[ExI] Zombie glutamate

Stathis Papaioannou stathisp at gmail.com
Wed Feb 18 10:31:01 UTC 2015

On 18 February 2015 at 13:44, John Clark <johnkclark at gmail.com> wrote:
> On Tue, Feb 17, 2015  Stathis Papaioannou <stathisp at gmail.com> wrote:
>>  > my contention is that if the glutamate substitute can mimic all the
>> properties of glutamate relevant to brain function, then it will
>> also contribute to consciousness in whatever way natural glutamate does.
> I'm just playing devil's advocate here but it could be argued that there
> one brain function that you have absolutely no way of knowing if the
> substitute glutamate has successfully mimicked or not, the consciousness
> function. It could be argued that the substitute glutamate works great on
> everything you can test in the lab, everything you can count or measure,
> the substitute doesn't work for conscious, which therefor must have been
> created by something other than Evolution.
> Please note that I think the above idea is very silly, but I can't prove
> wrong and never will be able to. And that is the very definition of a
> theory. Perhaps I'm just taking the word "proof" a little too seriously,
> think of a mathematician nitpicking over every line, but if you mean
> evidence so overwhelming that it is correct life is too short to worry
> it being wrong then I agree with you.

If that idea is true it leads to worse than just silliness; it invalidates
the idea of consciousness.

Functions in the brain are, to an extent, localised. The visual cortex is
where perception occurs, Broca's and Wernicke's areas are where speech
understanding and production are controlled. We know this because if a part
of the brain is damaged it results in specific deficits in function, while
other functions are left unaffected. So if the visual cortex is taken out
the subject can't see, although he can speak normally, and he says, "I
can't see". This is because there are neural connections between the speech
and visual centres in the brain. The eyes register an image, signals travel
to the visual cortex, neural processing occurs there, and output is sent
from the visual cortex to other parts of the brain, including the speech
centres, where more processing occurs. The speech centres then send output
to motor neurones controlling the vocal cords and speech is produced.

Now, what happens if you replace the visual cortex with a perfect
functional analogue which, however, lacks the special "function" of
consciousness? The scientists and engineers designing this device will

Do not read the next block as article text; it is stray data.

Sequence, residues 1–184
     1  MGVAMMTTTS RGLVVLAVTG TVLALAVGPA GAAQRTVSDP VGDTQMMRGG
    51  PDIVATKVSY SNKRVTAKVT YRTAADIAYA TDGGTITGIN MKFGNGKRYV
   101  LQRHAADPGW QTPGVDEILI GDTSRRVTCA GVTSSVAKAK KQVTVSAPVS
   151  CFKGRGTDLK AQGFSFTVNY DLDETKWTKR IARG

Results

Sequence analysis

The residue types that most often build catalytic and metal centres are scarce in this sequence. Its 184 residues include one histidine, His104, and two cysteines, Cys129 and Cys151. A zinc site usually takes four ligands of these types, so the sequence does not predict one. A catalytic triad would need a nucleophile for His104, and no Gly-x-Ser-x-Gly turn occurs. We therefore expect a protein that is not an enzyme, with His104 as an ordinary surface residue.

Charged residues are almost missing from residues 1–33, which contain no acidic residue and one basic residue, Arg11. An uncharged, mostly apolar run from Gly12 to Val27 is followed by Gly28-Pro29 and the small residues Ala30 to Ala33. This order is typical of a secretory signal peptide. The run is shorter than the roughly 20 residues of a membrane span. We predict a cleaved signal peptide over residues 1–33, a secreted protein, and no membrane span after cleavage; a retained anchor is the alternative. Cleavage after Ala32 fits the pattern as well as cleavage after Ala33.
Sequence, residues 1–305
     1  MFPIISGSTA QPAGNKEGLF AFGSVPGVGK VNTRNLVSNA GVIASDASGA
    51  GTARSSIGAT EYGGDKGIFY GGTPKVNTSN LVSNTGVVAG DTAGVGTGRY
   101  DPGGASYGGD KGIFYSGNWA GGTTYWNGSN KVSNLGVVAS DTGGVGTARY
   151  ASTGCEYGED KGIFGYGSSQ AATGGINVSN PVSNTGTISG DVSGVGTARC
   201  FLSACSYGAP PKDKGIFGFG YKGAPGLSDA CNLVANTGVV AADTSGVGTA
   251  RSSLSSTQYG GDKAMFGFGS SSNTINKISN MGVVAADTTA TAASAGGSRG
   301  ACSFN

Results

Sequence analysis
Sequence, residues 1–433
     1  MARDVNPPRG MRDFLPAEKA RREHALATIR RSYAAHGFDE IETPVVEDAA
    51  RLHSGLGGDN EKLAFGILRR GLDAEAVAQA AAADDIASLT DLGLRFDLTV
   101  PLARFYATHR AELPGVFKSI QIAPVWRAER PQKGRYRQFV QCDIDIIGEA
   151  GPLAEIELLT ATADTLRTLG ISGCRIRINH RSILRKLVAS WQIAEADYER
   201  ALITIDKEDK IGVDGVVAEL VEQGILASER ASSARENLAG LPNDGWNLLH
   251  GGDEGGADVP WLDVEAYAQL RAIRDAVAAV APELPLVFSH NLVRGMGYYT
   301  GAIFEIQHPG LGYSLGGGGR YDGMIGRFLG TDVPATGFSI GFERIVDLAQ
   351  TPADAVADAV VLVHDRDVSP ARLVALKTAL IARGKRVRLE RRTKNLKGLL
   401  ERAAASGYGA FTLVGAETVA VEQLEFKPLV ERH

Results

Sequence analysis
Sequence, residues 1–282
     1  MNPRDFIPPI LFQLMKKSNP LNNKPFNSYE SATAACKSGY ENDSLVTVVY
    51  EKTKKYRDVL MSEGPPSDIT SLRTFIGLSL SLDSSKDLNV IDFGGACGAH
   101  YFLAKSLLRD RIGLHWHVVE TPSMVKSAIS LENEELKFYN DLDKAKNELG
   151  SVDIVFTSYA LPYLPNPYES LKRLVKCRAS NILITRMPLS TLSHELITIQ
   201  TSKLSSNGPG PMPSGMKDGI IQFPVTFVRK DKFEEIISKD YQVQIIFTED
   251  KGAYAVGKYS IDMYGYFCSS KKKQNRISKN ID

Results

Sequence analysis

They may leave out the functions that can't be tested for, of which
consciousness may be one, but they will do a good job with all the others.
The artificial device will have the same connections to the surrounding
brain tissue as the original visual cortex did, and it will accept input,
process it, and send output to other parts of the brain just as the
original visual cortex did. If there is some other way the different parts
of the brain communicate with each other that we don't know about, the
super competent designers will discover it and find a way to reproduce it.

Now I hope you can see that if EVERY FUNCTION THAT CAN POSSIBLY BE
SCIENTIFICALLY TESTED FOR is incorporated into the artificial visual cortex
then it will receive and process input and send output to the rest of the
brain in the same way as the original visual cortex; for if not, that would
FOR, rather than a difference in one of the functions that can't be tested
for, like consciousness. And if the output coming from the artificial
visual cortex is completely normal, the subject will behave completely
normally; signals will go from the retina via multiple neural and
artificial relays to the vocal cords and the subject will declare that he
can see perfectly normally. However, what would happen if there is a
function that can't be scientifically tested for, responsible for visual
perception (i.e. consciousness) in the cortex? That function would be left
out and the subject would be blind; but because the artificial visual
cortex is sending all the right signals to his speech centres, and every
other part of his brain, he doesn't realise he is blind and he still
declares that he can see normally.

So do you see the problem with this? If consciousness is not a necessary
side-effect of observable processes, it would be possible to remove a major
aspect of a person's consciousness, such as visual perception, but they
would behave normally and they would not notice that anything had changed.
Which would mean that you could have gone blind an hour ago but haven't
realised it. In which case, what is the difference between being blind and
not being blind? And, extending the argument by gradually extending the
extent of the brain replacement, what is the difference between conscious
and not being conscious?

Stathis Papaioannou
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